No matter what you’re fighting -- Cancer is a game changer.
You will never leave the same way you arrived. I'm building this Melanoma Survivor's Manual from the perspective of a melanoma survivor. I hope you will join me to build a resource center for melanoma warriors and their caregivers to connect and stay at least one step ahead in the toughest marathon you've ever run.
Melanoma came into my life on September 7th, 2009, the day after my 45th birthday.
My body had started to short-circuit - I felt this strange numbness all over. A bunch of tests later doctors concluded my numbness was likely caused by the onset of multiple sclerosis ("MS"). How could this be happening to me? I’m an active, healthy and never sick chick. I didn’t even have a regular doctor! Now I needed a neurologist. Fast forward 77 days On November 23, 2009.
I was diagnosed with Stage 4 Metastasis Melanoma Cancer. My doctors could never determined where my “primary” was located (where the cancer started), though they did know it did not appear as a typical skin irritation or mole. In fact, my doctors believed the primary was likely in my lung. My diagnosis did not come easily or quickly. At that point Melanoma protocols had been stalled for nearly 15 years, with no progress towards extending life expectancy for Stage 4 metastatic melanoma patients.
Clearly, the odds weren't with standard protocols - my only real option was to consider a clinical trial. Getting into a clinical trial and getting treatment was not easy. Turns out you've got to be a detective. You also need a "Cancer-ierge", or Cancierge, my name for someone who can help you navigate the process. Your Cancierge writes the questions you need to ask at your appointments, takes notes and stays by your side. My Cancierge is my husband Mike - he's been amazing at his new job! Plus, he can tell a good joke - laughter is the most underrated form of treatment.
We started at Georgetown University Hospital, more because we lived near the hospital than for anything else, but they didn't focus on Melanoma Cancer. I met my first Melanoma Specialist at Memorial Sloan Kettering in New York, but timing issues left me without an option in the clinical trial I wanted. My doctor at MSK suggested Vanderbilt, but that didn’t work out, either. I then tried Texas Oncology and The Angeles Clinic but finally struck gold at UCLA.
Since we live in a suburb of Washington, DC, this was going to be a big commute. It took me until February 28 before I could start the clinical trial at UCLA - it was a Phase I trial for PLX4032 (now known as Vemurafenib or Zelboraf). I’ve been active on this clinical trial ever since, and during this time this drug has not only stopped my cancer from growing, it’s now only a fraction of its original (baseline) size. I've had side effects – hair loss, skin rash, cysts everywhere, night sweats, nausea and diarrhea. But, all in all, not bad relative to what I could have happened. My most recent PET/CT scan didn't show melanoma progression. Heck, nothing on that scan lit up! I’m hoping that PLX4032 is the magic pill that makes my Melanoma go away. PLX4032/ ZELBORAF has been one of the fastest drugs ever approved by the FDA and it is changing how we fight cancer. During this odyssey my husband Mike and I learned some interesting facts.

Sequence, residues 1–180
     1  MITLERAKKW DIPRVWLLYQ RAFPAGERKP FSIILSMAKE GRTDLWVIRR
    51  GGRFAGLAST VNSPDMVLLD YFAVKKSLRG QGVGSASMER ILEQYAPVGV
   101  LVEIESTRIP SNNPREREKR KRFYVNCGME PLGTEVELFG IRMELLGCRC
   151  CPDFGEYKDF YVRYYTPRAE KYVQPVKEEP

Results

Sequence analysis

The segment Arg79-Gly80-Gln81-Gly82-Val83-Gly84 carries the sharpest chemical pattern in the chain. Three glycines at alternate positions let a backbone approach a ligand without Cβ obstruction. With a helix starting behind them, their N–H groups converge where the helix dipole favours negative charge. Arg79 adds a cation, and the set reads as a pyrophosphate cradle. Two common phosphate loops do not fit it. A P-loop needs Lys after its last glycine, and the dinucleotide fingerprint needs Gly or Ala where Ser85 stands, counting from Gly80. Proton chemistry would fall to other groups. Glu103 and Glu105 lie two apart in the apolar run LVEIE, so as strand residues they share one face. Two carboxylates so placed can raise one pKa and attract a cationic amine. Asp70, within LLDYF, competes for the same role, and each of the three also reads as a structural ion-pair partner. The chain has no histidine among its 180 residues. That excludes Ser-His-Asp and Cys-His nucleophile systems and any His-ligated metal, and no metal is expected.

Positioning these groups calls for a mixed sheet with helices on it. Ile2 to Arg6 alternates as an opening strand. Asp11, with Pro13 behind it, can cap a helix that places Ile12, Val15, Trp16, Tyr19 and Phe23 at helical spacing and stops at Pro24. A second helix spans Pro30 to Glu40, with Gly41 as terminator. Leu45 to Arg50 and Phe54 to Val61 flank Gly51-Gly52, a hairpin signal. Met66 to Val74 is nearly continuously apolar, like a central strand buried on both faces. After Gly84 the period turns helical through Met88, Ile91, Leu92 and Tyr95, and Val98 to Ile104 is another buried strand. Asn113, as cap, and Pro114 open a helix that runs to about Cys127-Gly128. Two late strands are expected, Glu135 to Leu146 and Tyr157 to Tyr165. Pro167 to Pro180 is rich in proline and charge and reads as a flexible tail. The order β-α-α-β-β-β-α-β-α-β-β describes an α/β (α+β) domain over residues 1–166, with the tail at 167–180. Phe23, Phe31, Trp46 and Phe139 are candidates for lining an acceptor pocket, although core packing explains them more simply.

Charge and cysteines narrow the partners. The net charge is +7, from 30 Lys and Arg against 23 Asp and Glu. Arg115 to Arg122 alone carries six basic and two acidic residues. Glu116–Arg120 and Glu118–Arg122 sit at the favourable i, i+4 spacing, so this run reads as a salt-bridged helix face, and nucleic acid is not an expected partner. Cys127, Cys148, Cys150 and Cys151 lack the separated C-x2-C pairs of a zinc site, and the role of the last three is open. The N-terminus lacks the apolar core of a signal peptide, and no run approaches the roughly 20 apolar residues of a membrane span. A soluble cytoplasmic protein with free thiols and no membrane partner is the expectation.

First, you need to advocate for yourself - reach out to friends, family and friends of friends. YOU and your team need to determine the right path for you and your disease. There isn't a “Melanoma for Dummies” users guide available. I have learned that getting connected can save your life. I hope this site becomes a user-friendly resource that will connect melanoma patients with the latest treatment options and other patients that are either on your treatment or considering your treatment. I have learned a lot from other patients on PLX4032.
It is nice to know there are other folks out there dealing with your same side effects, decisions and resolutions. The medical community is close to finding a solution to this disease - it's just a matter of time. The goal is to hang in there until that cure comes along. Helpful Tips: Research which hospitals are the leaders in your type of cancer, review your options and their statistics. US News and World Reports assesses hospitals every year at http://health.usnews.com/best-hospitals. Clinical trials may produce better results than the current standard of care. Visit www.clinicaltrials.gov. Interview your oncologist - are you are comfortable with them?
You'll be spending a lot of time with this person, and its my position that you need someone who is positive and has a good delivery. Ask questions and keep your copies of your own records. If you don't understand, ask / write everything down and make sure you ask for copies of all your scans (CT/PET/MRI).
Get a big accordion folder and label each section. It will come in handy one day. Everything takes a lot of time, and time goes slowly when you're waiting to be treated. Make sure you have a good book - buy a Kindle. Be your own Advocate, and/or find someone who will be your Advocate. A good Canceierge could save your life. Ask for help – you’ll be surprised of the results. Email and call friends and family – this is not a time to be shy! Think outside the box. Combining Eastern and Western philosophies can work miracles. Consider yoga, Reiki, mediation, acupuncture, prayer, energy work, or anything else that keeps you feel positive and moving forward. Eat “healing foods”. Remember, “Garbage in, Garbage out”. Veggies with bright colors and big leaves are your new friends. Stay away from processed stuff. You are building a castle.
Every time a door closes, another one opens. It’s up to you to find that door! I've learned to be flexible, appreciative, value each day and enjoy every moment. Some people live 90 years and never understand the importance of this.
Start winning your fight today!